In the keynote not just Craig but Eddie Cue, Phil Schiller, and Tim Cook said software is an essential and important component of total experience, we just don’t want to charge for it. In other words buy our hardware and we will deliver complete experience by providing essential software for free.

We have entered an interesting era in software development. It seems like software development efforts are monetized either via hardware product or selling targeted ads or getting acquired by big company.

iOS apps is a business or not? Apple’s 5S & 5C launch raises the question, again

Three things I am left with after watching Apple’s¬†iPhone 5S and 5C¬†keynote.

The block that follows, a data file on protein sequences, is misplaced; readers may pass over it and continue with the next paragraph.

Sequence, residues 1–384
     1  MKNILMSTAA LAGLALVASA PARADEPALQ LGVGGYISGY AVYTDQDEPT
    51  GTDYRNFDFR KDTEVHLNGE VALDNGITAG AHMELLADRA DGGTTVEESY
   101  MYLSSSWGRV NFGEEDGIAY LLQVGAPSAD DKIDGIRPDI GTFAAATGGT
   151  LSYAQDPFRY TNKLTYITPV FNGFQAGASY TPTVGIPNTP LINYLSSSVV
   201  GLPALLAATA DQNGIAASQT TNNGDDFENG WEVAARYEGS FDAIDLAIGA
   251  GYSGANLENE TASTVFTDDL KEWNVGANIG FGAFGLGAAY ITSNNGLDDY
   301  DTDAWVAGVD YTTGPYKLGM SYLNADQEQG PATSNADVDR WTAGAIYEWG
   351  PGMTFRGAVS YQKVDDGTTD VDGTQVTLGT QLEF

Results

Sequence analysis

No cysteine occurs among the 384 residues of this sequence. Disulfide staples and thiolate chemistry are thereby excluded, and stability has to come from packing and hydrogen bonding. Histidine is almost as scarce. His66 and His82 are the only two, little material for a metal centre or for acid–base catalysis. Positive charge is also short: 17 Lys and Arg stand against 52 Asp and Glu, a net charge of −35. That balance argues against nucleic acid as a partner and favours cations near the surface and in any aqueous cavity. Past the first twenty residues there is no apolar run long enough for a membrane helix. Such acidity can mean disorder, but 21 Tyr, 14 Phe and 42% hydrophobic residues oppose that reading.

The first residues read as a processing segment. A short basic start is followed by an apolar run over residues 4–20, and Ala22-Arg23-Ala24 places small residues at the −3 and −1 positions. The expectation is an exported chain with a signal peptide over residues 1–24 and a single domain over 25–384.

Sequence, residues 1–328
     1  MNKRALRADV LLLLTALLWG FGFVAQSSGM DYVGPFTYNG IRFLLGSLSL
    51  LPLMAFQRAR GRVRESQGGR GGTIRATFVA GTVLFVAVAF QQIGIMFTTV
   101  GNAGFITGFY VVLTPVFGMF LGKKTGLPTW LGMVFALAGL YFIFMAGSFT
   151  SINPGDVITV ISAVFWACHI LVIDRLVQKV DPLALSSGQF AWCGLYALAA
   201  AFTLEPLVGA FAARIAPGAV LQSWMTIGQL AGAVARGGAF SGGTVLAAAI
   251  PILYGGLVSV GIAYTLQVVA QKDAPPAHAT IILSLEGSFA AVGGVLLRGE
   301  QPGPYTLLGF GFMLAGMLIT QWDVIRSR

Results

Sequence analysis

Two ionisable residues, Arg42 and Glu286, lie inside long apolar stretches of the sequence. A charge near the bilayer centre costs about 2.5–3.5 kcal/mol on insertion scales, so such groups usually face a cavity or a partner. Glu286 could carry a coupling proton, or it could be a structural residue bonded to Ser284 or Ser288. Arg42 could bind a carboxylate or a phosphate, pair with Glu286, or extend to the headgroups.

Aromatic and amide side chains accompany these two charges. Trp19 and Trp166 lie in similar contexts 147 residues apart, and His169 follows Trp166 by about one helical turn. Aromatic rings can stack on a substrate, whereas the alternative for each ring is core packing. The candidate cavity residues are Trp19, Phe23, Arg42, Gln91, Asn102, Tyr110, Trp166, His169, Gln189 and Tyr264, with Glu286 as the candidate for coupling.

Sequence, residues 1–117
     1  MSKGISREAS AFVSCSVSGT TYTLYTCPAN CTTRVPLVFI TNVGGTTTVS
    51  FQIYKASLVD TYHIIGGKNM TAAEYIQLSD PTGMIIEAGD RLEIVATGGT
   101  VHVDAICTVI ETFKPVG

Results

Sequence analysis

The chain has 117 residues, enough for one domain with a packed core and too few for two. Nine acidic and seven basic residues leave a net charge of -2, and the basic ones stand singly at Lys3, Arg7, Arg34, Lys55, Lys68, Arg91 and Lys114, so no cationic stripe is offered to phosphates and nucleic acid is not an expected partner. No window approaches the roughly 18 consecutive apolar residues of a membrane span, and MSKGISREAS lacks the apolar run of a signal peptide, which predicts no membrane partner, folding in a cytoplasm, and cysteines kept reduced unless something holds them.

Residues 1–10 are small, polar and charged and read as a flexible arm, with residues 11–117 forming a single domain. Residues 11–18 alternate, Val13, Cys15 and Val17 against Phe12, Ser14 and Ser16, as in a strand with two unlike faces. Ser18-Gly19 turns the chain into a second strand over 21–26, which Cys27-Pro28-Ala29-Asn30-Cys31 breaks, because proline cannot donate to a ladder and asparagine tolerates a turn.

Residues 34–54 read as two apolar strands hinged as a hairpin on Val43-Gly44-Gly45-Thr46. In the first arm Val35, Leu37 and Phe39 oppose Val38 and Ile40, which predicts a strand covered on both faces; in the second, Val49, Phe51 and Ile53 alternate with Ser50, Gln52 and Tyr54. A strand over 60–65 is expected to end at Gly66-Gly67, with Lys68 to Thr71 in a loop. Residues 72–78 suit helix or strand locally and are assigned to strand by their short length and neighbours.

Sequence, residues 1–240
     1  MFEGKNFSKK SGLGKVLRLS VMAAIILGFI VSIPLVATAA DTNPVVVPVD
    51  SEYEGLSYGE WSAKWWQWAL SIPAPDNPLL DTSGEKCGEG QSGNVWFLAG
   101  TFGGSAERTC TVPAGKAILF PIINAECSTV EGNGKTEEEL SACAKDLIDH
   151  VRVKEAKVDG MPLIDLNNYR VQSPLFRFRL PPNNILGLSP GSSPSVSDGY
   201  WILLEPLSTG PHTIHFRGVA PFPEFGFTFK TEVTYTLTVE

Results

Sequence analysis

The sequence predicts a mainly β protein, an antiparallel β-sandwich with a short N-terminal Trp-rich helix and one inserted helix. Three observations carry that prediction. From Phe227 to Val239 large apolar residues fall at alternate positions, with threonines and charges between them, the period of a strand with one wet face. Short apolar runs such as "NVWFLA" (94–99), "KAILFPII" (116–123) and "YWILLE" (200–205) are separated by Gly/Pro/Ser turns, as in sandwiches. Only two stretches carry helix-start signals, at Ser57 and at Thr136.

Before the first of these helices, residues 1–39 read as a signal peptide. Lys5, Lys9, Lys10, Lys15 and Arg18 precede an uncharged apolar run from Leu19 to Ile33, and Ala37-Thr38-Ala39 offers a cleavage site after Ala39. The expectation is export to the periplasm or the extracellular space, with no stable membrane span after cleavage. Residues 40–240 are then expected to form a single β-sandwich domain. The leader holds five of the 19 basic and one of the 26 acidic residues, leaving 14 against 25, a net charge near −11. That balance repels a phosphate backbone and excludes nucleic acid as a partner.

1. Experience not price
    For last few weeks we all read about how Apple should and will launch new cheap iPhone. In fact letter C in 5C was interpreted as cheap by analysts and pundits way ahead of actual launch. Well, cat is out of the bag now and it is nice to know that in spite of market/wall street forces, Apple decided not to make iPhone 5C free or cheap NEW iPhone. See the opening video about iTunes festival, 5C video, and Infinity Blade III demo, all screaming experience you will have as a part of Apple community essentially justifying price.
  2. 64-bit architecture hardware and software
    Launch event confirmed the speculations, A7 chip in iPhone 5S boasts 64-bit processing while iOS 7 provides 64-bit support. At the event, Infinity Blade III team was chosen to demonstrate power of new hardware and software. Watch the demo and you will know how statement was made about user experience, again.